7 April 2010

Dex Dexter - Another Car Another Carcrash










Label: Trade 2/ Island
Year of Release: 1996

Was there ever a music press hyped scene more mocked than Romo? We could talk about Lionpop if you want, but that really fits under the category of "vague and poorly named ideas which only one person ever mentioned". Romo, on the other hand, was a simple case of bad timing and under-prepared artists. Some of the bands involved, like InAura, would produce material which under the right circumstances may have hit home. The issue was that their travelling companions had barely formed five minutes ago, were still in the process of forging identities of their own, and seemed to have an abundance of confidence which belied the actual material gathered. A romantic modernist reaction against the excessive laddisms of Britpop made complete sense at the time, but many of the acts involved seemed like student performance art revue projects caught halfway through rehearsal time having fully designed the costumes whilst only managing to have written one page of the script. In the end, Britpop died, Pop returned, and that was that. You can't invent the future. Sigue Sigue Sputnik will tell you that.

For a scene so hyped it's also shocking that so few pieces of recorded work slipped out. Orlando were the kings, managing one album and a few singles. InAura had a great album ready which was rejected by EMI, and subsequently issued by an indie two years too late for anybody to notice or care. Boutique were allowed a couple of interesting singles before slipping under the radar.

Dex Dexter were even less noticeable, being given permission to put out this single - with one of the greatest titles for an A side of all time - before being forgotten about almost immediately. The curious thing about the end product is how it sounds more like a late nineties lo-fi British approach to indie than "Romo" per se. Each angular guitar riff, each cheap keyboard drone which sounds rather like Sweep the puppet squeaking in protest, and each novelty car horn noise makes the end product more akin to the Teen C frolics of Bis than any serious new movement. At the risk of using idle comparisons for a second consecutive sentence, it's true to say that the sharpness of early Adam and the Ants is equally apparent, but unlike Orlando or InAura, there's not much in the way of sweeping electronic melodrama going on here. Maybe if Dex Dexter hadn't boarded the Romo bus, they'd have stood a slight chance in the indie world outside.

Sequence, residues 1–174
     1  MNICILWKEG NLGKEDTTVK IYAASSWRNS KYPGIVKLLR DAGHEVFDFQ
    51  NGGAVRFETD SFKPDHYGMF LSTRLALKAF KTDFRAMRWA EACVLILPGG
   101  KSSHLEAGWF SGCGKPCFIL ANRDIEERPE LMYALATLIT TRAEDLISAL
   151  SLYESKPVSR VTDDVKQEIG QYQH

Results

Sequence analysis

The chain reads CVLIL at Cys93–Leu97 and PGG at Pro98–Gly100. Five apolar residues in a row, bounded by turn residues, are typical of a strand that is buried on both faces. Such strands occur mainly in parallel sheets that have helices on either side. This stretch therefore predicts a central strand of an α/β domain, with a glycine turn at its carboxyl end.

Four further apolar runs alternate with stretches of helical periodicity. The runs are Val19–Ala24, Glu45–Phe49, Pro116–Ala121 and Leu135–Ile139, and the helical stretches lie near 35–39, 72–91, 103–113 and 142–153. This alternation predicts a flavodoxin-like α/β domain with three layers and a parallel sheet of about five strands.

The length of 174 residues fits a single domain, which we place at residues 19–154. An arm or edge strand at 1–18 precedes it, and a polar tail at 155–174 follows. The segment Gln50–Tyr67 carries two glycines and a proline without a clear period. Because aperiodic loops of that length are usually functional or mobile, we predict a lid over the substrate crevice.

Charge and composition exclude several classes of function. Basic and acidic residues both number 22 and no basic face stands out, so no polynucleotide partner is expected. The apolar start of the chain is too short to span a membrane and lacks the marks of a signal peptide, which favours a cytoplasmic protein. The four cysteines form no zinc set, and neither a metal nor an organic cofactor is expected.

Their demise seemed extremely swift. I was introduced to the lead singer Seb at the Water Rats in Kings Cross mere months after this single was issued, and asked him what they had planned next. "You know as much as I do," he grumbled, his flamboyant persona dropping almost immediately. There were to be no more releases, but if you want to put the expectations of some music critics into perspective, go away and read Taylor Parkes' review of a Dex Dexter live gig here. Seldom has hyperbole been less justified, but hopefully enough time has passed now for the single to be enjoyed for what it is without any weight of expectation attached.


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